Entertainment

Cosby Unshaken Throughout Trial

Throughout his trial, Bill Cosby was confident that he would get a hung jury.

After all, the prosecution needed to convince all 12 jurors, but his side only needed to sway a single holdout, Cosby would wryly note.

“All I need is one,” the comedian reminded those around him during breaks in the proceedings — two weeks of testimony and deliberations in one of the most high-profile sexual assault cases in years.

He was proven right Saturday when the judge in the case declared a mistrial, ending the lengthy deliberations after the jury repeatedly failed to reach a unanimous verdict.

Though prosecutors vowed to retry the case, Cosby had grown increasingly optimistic of his chances last week while the jury was out, counting on his need to persuade just a lone panelist.

And as deliberations dragged on, stretching eventually into their 50th hour, those odds became a mantra.

“I only need one, man,” he’d say.

At the start of each break, court deputies and Cosby’s defense team would escort Cosby away from the courtroom and the milling press, through the halls of Montgomery County Court of Common Pleas in Norristown, Pennsylvania.

The deputies would take him to a small, third-floor conference room.

“My dressing room,” Cosby called it.

The courtroom itself?

“My stage,” he’d quip to those inside, including the Black Press.

Then, as two deputies stood guard outside, Cosby would spend the break predicting, if not an outright acquittal, at least a mistrial.

“Steele wants me badly, he ran on getting me,” Cosby said at one point of the prosecutor, Montgomery County District Attorney Kevin Steele. “But he doesn’t have a case.”

That’s why Cosby said he turned down the DA’s offer of a no-jail deal that would require him to wear a monitoring bracelet and register as a sex offender.

A prosecution spokesman denied there was ever any offer, but Cosby’s team insists there was.

“They offered me a deal,” Cosby said during one break. “They want me to wear this bracelet around my ankle. They want me to say I’m a sex offender.”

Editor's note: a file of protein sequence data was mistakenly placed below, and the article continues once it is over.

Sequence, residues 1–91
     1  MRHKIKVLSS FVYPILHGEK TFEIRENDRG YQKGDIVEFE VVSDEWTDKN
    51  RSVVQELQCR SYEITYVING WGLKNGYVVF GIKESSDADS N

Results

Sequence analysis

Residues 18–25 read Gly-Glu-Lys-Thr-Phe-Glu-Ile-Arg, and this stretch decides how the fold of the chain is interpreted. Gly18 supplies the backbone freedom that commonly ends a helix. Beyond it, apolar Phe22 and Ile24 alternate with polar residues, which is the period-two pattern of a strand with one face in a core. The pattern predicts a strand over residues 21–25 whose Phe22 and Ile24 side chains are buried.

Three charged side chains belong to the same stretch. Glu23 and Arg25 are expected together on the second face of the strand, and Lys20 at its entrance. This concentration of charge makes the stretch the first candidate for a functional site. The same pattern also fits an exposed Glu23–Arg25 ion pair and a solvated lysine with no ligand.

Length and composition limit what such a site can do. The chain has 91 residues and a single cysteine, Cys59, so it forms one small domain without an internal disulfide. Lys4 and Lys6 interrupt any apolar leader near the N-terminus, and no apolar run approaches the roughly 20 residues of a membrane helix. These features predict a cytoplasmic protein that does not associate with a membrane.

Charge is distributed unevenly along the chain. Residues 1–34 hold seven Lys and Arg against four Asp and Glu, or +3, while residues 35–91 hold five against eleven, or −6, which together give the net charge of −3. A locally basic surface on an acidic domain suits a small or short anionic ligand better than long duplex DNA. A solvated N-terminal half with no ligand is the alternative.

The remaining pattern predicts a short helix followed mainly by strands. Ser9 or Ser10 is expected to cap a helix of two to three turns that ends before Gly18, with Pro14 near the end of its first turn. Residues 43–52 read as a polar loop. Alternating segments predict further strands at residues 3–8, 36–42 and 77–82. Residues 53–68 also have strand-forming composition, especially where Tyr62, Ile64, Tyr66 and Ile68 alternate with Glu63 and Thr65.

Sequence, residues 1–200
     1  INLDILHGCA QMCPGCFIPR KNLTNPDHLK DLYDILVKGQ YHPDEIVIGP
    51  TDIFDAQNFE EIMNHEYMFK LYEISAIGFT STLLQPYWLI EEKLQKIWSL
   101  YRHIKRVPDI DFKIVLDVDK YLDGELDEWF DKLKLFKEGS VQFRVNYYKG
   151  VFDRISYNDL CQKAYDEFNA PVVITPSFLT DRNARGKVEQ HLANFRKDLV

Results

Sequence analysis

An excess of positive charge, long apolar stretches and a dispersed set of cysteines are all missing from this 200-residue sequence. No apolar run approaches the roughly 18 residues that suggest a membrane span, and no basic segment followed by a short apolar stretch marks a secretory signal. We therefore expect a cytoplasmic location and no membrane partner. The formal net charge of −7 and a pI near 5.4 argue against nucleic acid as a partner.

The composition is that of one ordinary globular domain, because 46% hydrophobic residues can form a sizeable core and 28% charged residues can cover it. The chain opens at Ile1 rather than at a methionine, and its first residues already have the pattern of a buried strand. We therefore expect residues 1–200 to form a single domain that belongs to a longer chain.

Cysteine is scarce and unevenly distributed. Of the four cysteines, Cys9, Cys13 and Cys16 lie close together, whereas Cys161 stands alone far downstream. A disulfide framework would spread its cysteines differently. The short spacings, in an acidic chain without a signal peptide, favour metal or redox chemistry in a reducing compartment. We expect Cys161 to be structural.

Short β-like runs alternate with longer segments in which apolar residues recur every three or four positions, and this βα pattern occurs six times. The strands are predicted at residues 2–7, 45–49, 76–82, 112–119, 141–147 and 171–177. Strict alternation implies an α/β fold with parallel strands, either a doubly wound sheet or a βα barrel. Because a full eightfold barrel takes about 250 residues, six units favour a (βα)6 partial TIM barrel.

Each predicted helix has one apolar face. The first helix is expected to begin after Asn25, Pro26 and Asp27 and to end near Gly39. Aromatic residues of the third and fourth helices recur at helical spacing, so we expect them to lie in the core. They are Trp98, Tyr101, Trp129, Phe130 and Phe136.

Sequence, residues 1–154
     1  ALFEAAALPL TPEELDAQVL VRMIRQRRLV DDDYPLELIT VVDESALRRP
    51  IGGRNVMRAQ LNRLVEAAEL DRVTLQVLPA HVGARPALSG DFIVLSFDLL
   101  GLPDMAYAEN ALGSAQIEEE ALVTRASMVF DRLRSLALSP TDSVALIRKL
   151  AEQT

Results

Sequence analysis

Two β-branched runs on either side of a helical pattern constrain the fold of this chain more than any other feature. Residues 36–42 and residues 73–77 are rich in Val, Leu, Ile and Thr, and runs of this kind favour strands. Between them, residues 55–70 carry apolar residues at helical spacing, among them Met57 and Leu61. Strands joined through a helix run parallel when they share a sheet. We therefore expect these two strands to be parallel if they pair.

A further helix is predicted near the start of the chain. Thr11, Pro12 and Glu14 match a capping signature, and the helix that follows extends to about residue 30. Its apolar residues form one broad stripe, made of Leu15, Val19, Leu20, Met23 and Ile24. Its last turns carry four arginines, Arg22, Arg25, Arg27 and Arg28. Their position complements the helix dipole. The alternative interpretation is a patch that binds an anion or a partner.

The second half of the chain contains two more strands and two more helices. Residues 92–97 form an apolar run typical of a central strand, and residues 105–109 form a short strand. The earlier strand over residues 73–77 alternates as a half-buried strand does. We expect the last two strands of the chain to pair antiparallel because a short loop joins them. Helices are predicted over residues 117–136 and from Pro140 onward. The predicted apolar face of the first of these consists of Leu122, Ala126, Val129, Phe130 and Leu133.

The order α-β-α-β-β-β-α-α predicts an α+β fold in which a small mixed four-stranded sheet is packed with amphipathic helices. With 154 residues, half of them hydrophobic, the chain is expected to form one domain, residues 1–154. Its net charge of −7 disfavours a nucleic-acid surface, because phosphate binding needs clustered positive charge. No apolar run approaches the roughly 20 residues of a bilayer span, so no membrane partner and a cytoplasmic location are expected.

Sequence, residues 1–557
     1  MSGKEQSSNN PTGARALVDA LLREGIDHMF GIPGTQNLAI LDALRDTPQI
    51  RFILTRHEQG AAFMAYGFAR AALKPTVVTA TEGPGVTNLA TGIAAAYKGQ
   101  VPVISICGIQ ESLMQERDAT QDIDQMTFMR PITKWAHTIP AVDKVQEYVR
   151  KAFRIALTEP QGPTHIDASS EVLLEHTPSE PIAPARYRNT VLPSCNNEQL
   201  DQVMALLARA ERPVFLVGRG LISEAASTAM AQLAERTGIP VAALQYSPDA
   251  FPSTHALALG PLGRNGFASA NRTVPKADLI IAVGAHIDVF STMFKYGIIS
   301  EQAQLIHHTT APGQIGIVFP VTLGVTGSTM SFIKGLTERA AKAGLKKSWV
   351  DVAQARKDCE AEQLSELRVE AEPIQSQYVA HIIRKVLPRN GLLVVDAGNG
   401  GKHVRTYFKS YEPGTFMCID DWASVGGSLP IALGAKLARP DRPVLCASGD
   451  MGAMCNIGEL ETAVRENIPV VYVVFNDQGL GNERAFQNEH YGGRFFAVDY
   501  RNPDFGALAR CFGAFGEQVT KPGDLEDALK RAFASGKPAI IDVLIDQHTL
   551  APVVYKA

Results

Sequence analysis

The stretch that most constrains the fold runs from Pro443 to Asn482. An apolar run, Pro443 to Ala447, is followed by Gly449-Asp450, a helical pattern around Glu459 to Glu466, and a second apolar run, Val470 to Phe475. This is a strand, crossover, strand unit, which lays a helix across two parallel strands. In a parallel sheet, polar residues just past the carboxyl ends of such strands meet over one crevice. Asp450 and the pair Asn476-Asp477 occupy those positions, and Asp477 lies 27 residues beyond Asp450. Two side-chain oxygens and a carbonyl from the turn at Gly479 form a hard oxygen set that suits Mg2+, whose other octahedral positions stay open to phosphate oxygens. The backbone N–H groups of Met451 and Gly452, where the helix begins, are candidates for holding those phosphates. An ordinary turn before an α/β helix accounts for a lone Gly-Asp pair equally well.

Why, he was asked, did he decline?

“I’m innocent,” he said.

“But most important, me and [wife] Camille went to South Africa to visit Nelson Mandela,” Cosby said of the anti-apartheid revolutionary who spent 27 years in prison, became South Africa’s first president and died in 2013.

“Mandela was free at the time and president, but we met him at Robben Island where he was held prisoner all of those years,” Cosby said. “I sat in that cell where he lived all those years. I saw those conditions, I heard what he ate and what he had to deal with.

“So, if they send me to that place, then that’s what they will do and I will have to go there,” he said.

Sometimes, in his “dressing room,” Cosby would appear to meditate, throwing back his head and closing his eyes.

Often, he’d speak about his family.

“When you have grandchildren, man, I’m telling you, you lose your wife,” he joked, nearly ready to launch into a standup bit as if he was back in front of an adoring crowd on the Sunset Strip. “You lose her, man.

“Listen, one of my grandchildren, you know, my wife has become her tutor,” he said. “My wife can’t stay away from the grandchild. One of the things Camille does is she tutors the girl and then, after she’s learned, Camille has her teach her [back].”

He was quick to shift gears, trying out new material.

“The kids, my kids, they don’t realize that I grew up in the ghetto,” said the Philadelphia-born Cosby. “They think I’ve always lived in a big house. So, one day, I’m driving and I take them where I grew up … and they don’t believe me.”

Camille was a rare presence at the courthouse, but was often on the phone with her husband.

“They joke all of the time. She calls him Billy,” Cosby spokesman Andrew Wyatt said at one point, to which Cosby answered, “She can call me whatever she wants. She’s the B-O-S-S.”

Not once did he gripe about the lack of support from fellow bold-faced names.

“They are concerned about their careers,” he said. “I’m not asking, I’m not begging for anyone to come. I’m not begging for anyone to call.”

Wyatt maintained the dressing room-style atmosphere by announcing visitors.

“Mr. Cosby, we have…” Wyatt would say, and Cosby would greet them.

At his most optimistic — and he was often very optimistic — Cosby would talk of performing again.

And why not? “The Cosby Show” had been the most successful TV program of the ’80s. In 2003 — a decade before dozens of women began to come forward to accuse him of drugging and abusing them — Advertising Age wrote that only the Pope had a higher public approval index.

He wants to be that guy again, making an audience laugh instead of cringe.

“I can’t wait to get back out there because I have a lot to say,” he said. “There’s still so much to be said.

“It’s in the bones,” he said of his desire to keep performing. “In the blood.”

As deliberations continued to drag, he’d muse again on what turned out to be a great hunch.

“Only need one,” he said. “And if it’s just one, I hope that one holds on.”

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Stacy M. Brown

I’ve worked for the Daily News of Los Angeles, the L.A. Times, Gannet and the Times-Tribune and have contributed to the Pocono Record, the New York Post and the New York Times. Television news opportunities have included: NBC, MSNBC, Scarborough Country, the Abrams Report, Today, Good Morning America, NBC Nightly News, Imus in the Morning and Anderson Cooper 360. Radio programs like the Wendy Williams Experience, Tom Joyner Morning Show and the Howard Stern Show have also provided me the chance to share my views.

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